Archive for the ‘pedestrians and cycling’ Category

May 28, 2013 00

If you are a cyclist in Sydney currently the situation is looking a little dire. North Sydney Council is holding off upgrading the very well used St Leonards Park path with pedestrians there being assaulted by cyclists and Leichhardt Council is cutting $400,000 from their cycling budget! Let’s start with the situation in North Sydney…. […]

If you are a cyclist in Sydney currently the situation is looking a little dire. North Sydney Council is holding off upgrading the very well used St Leonards Park path with pedestrians there being assaulted by cyclists and Leichhardt Council is cutting $400,000 from their cycling budget!

Let’s start with the situation in North Sydney….

Most of the uproar for North Sydney cyclists seemed to start back in March when the Council deferred the upgrade to the shared use path through St Leonards Park. Proposed work included widening the path, relocating lights and asphalt re-surfacing.

Around that time too, the Daily Telegraph (who are so pro cycling – not), ran a story about an aggressive cyclist assaulting a pedestrian by shoving them to the ground in this very park.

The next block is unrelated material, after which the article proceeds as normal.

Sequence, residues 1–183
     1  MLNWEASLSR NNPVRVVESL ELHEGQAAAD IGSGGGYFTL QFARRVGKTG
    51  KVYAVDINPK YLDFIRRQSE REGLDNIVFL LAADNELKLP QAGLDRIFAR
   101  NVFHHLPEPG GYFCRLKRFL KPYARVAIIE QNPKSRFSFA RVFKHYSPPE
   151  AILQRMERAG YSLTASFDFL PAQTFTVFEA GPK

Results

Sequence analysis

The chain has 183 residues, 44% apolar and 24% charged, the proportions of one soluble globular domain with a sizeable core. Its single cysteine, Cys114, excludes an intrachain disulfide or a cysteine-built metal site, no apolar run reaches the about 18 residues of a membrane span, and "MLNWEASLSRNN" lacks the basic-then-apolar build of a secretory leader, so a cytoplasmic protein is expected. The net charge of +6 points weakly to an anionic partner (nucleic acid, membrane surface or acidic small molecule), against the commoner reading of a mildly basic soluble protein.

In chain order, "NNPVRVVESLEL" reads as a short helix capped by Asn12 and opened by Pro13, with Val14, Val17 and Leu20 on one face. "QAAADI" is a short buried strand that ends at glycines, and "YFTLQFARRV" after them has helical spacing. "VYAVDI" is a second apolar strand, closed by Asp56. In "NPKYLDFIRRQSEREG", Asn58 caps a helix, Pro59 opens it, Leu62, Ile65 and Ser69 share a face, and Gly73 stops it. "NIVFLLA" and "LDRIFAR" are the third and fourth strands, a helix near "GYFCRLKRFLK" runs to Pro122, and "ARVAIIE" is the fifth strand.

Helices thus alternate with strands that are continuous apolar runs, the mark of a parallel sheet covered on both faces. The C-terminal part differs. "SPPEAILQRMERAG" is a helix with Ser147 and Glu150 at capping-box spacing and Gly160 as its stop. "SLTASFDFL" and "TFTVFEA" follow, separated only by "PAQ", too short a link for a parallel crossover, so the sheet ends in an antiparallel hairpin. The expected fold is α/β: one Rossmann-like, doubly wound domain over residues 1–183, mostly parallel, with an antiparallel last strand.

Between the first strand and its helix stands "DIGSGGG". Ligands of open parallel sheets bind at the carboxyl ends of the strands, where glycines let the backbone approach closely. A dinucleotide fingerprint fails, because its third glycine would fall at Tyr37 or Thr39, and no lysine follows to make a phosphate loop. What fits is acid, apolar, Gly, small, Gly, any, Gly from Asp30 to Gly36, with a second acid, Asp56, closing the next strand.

On 8 April, North Sydney Council accepted a petition from 80 people “opposing bicycles being allowed to use St Leonards Park, except when used for leisure”.

And then the Mayor of North Sydney comes out and says cyclists should use the road instead of shared paths!

St Leonards Park is a key connector for cyclists seeking to get off the very busy and dangerous Miller St and join up with the Willoughby to Epping Road Cycleway cycle path network, or the Mosman-Beauty Point backstreets route to the Northern Beaches.

St Leonards Park

St Leonards Park

Interestingly 80 people opposed cycling on this path, yet a petition set up by Bike North has attracted more than 1,000 responses supporting the upgrade of this very path for cycling.

 Support Bike North’s petition to upgrade the shared path through St Leonards Park,  here:

http://www.communityrun.org/petitions/make-sure-north-sydney-council-provides-paths-and-cycle-lanes-for-all-cyclists

Currently the project to upgrade the path is on hold pending the outcomes of a bike strategy review.

Certainly not all cyclists are bad and not all cyclists are aggressive and go around pushing pedestrians over. However, I have witnessed a few Sydney cyclists struggling with the concept of ‘shared’ path – yes I mean sharing. Sharing the path with pedestrians means you cannot ride flat out and there will be other users there.

Centennial Park enjoyed trying to explain this recently when they considered introducing speed bumps into the park, to slow down cyclists and protect children and parents crossing Grand Drive to use the kids cycling area.

Centennial Park attracts lots of people using the park in different ways

Centennial Park attracts lots of people using the park in different ways

Cyclists were up in arms immediately. And true, Centennial Park is one of the few safe areas to cycle in Sydney yet it’s also a park used by walkers, runners, dogs, horse, rollerbladers, kids, just to name a few. However you could also argue that the speed bumps would then make it dangerous for cyclists?